Add this feature to extract a case in a hurry under any conditions!
HIGHLY recommended for belted mag chambers and when hunting dangerous game where a problem with extraction can mean either lost game or even your OWN loss of life!
Adds greater convenience and reliability to all centerfire barrels.
On occasion a rimless or belted mag round can be loaded into the barrel with too much gusto and result in the case in front of the extractor with no way to readily remove the case or close the barrel.
This can be a simple annoyance or really life threatening when hunting or being hunted BY dangerous game.
When the customer linked to above said he had shot elephants as close as 8 yards and was going to take the .375 H&H; Mag. barrel I was reworking for him to Africa for a "Big 5" hunt, the last thing I wanted was to see someone getting hurt or killed when the gun would not function due to a round skipping over the extractor, a round that could not be removed quickly, and the gun disabled!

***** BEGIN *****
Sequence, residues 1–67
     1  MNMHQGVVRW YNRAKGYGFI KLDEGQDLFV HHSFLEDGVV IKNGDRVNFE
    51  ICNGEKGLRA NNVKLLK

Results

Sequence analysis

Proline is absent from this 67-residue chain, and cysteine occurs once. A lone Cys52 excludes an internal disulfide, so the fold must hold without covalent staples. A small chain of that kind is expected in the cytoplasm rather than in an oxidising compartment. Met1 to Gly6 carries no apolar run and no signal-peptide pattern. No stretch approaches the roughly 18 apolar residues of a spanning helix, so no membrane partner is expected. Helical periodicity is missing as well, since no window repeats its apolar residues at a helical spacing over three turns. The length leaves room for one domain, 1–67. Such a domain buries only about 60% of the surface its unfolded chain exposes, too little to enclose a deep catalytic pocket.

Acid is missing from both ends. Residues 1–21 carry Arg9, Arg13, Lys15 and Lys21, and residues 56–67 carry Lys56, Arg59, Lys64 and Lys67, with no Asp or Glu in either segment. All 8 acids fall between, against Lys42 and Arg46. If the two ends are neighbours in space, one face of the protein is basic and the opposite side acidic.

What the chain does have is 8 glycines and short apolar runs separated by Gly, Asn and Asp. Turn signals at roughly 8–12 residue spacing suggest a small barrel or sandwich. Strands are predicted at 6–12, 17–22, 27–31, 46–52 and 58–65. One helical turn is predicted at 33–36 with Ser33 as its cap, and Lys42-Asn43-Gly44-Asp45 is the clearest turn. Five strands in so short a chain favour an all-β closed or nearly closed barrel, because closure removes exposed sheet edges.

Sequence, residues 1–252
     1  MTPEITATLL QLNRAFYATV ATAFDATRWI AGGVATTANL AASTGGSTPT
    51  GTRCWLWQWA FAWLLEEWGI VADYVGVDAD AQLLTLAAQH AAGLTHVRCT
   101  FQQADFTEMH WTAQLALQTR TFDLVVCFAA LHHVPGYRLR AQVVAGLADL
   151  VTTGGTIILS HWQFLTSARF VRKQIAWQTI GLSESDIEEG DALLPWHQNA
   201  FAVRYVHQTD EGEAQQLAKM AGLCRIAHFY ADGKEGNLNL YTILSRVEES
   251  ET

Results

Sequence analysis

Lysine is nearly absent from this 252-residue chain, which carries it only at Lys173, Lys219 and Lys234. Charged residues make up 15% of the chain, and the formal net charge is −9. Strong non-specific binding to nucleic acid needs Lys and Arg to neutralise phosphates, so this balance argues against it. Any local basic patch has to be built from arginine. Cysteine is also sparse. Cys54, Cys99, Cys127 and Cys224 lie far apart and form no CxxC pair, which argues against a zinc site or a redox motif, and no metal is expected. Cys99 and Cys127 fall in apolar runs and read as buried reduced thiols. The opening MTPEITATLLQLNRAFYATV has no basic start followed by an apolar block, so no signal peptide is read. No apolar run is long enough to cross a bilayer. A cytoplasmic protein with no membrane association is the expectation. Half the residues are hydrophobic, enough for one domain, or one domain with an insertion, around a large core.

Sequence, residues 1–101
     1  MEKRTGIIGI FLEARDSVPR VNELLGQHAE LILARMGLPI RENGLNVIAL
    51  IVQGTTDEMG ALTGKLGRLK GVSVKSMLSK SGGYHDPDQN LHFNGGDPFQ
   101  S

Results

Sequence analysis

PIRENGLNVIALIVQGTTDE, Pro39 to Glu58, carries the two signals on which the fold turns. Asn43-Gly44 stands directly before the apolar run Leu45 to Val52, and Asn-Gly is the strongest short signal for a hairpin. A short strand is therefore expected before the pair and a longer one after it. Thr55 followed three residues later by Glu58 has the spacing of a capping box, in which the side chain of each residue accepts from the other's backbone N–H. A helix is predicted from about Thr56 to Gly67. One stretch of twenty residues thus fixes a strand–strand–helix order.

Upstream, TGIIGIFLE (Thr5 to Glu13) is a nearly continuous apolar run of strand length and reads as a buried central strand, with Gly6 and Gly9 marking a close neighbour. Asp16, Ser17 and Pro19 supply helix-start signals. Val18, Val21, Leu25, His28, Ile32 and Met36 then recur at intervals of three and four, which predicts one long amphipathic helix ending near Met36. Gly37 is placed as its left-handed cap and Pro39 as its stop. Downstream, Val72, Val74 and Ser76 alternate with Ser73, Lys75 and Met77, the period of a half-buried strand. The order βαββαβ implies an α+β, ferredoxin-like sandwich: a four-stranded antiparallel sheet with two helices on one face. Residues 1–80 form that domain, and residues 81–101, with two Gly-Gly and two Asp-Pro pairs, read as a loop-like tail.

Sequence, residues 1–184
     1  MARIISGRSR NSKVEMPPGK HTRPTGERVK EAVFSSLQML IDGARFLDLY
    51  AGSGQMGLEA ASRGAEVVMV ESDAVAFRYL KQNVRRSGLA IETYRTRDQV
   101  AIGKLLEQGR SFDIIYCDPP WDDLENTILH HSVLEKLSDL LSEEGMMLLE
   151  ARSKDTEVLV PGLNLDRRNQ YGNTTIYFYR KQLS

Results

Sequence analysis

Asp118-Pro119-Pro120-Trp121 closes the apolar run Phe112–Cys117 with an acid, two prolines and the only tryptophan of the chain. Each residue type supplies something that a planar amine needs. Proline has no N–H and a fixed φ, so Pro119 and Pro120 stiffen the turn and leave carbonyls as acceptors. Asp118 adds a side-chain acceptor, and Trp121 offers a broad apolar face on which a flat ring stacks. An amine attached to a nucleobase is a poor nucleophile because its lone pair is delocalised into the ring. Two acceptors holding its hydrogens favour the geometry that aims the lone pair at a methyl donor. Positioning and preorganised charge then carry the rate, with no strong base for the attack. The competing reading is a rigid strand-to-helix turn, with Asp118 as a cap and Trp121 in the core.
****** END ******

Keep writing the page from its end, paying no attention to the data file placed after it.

Enter TBOSS, The Bellm "OH SHIT!" Saver.
Pardon the language, but such utterances have come from the most otherwise reverant of believers' mouths under extreme conditions when a gun can't or won't function, regardless of the gravity of circumstances.
If you don't like the word shit, then use the Apostle Paul's Greek word for shit found in Philippians
3:8 where he said from the King James Version:
"Yea, doubtless, and I count all things but loss for the excellency of the knowledge of Christ Jesus my Lord: For whom I have suffered the loss of all things, and do count them but DUNG that I may win Christ."
Folks, the Greek word Paul said was "scabula", which meant, literally human shit.....
not just the generic word "dung." So if you want to be more sanctimonious, you may call the TBOSS "The Oh Scabula Saver" and use "holy" language taken directly from the original Greek scriptures in relaxed situations or mixed company.
But when "_ _ it" hits the fan, likely you will revert to language most common to bad situations.
We love the break open single shots,